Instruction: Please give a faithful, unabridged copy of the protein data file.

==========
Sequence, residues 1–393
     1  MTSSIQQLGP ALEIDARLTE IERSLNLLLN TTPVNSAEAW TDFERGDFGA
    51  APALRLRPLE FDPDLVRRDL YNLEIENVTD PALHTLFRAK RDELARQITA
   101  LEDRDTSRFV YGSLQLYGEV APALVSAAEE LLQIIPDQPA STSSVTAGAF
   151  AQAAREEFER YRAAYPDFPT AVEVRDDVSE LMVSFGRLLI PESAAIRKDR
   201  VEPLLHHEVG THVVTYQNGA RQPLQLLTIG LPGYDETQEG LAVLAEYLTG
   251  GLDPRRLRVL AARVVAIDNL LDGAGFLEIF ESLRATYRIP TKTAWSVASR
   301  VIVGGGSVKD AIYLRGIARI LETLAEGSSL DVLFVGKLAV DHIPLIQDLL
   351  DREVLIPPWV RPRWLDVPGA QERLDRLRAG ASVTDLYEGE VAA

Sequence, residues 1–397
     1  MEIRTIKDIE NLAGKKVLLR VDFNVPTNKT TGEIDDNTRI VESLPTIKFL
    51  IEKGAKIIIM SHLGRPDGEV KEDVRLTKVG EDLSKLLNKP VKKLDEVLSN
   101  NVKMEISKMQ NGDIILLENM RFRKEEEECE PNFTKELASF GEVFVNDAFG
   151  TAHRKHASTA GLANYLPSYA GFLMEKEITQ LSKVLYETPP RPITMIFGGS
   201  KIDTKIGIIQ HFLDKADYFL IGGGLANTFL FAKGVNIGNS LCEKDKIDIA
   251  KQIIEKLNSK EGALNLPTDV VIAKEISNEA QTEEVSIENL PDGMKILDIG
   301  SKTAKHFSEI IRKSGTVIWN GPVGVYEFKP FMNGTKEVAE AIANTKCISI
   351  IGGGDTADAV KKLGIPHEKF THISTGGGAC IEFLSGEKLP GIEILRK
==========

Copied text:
Sequence, residues 1–393
     1  MTSSIQQLGP ALEIDARLTE IERSLNLLLN TTPVNSAEAW TDFERGDFGA
    51  APALRLRPLE FDPDLVRRDL YNLEIENVTD PALHTLFRAK RDELARQITA
   101  LEDRDTSRFV YGSLQLYGEV APALVSAAEE LLQIIPDQPA STSSVTAGAF
   151  AQAAREEFER YRAAYPDFPT AVEVRDDVSE LMVSFGRLLI PESAAIRKDR
   201  VEPLLHHEVG THVVTYQNGA RQPLQLLTIG LPGYDETQEG LAVLAEYLTG
   251  GLDPRRLRVL AARVVAIDNL LDGAGFLEIF ESLRATYRIP TKTAWSVASR
   301  VIVGGGSVKD AIYLRGIARI LETLAEGSSL DVLFVGKLAV DHIPLIQDLL
   351  DREVLIPPWV RPRWLDVPGA QERLDRLRAG ASVTDLYEGE VAA

Sequence, residues 1–397
     1  MEIRTIKDIE NLAGKKVLLR VDFNVPTNKT TGEIDDNTRI VESLPTIKFL
    51  IEKGAKIIIM SHLGRPDGEV KEDVRLTKVG EDLSKLLNKP VKKLDEVLSN
   101  NVKMEISKMQ NGDIILLENM RFRKEEEECE PNFTKELASF GEVFVNDAFG
   151  TAHRKHASTA GLANYLPSYA GFLMEKEITQ LSKVLYETPP RPITMIFGGS
   201  KIDTKIGIIQ HFLDKADYFL IGGGLANTFL FAKGVNIGNS LCEKDKIDIA
   251  KQIIEKLNSK EGALNLPTDV VIAKEISNEA QTEEVSIENL PDGMKILDIG
   301  SKTAKHFSEI IRKSGTVIWN GPVGVYEFKP FMNGTKEVAE AIANTKCISI
   351  IGGGDTADAV KKLGIPHEKF THISTGGGAC IEFLSGEKLP GIEILRK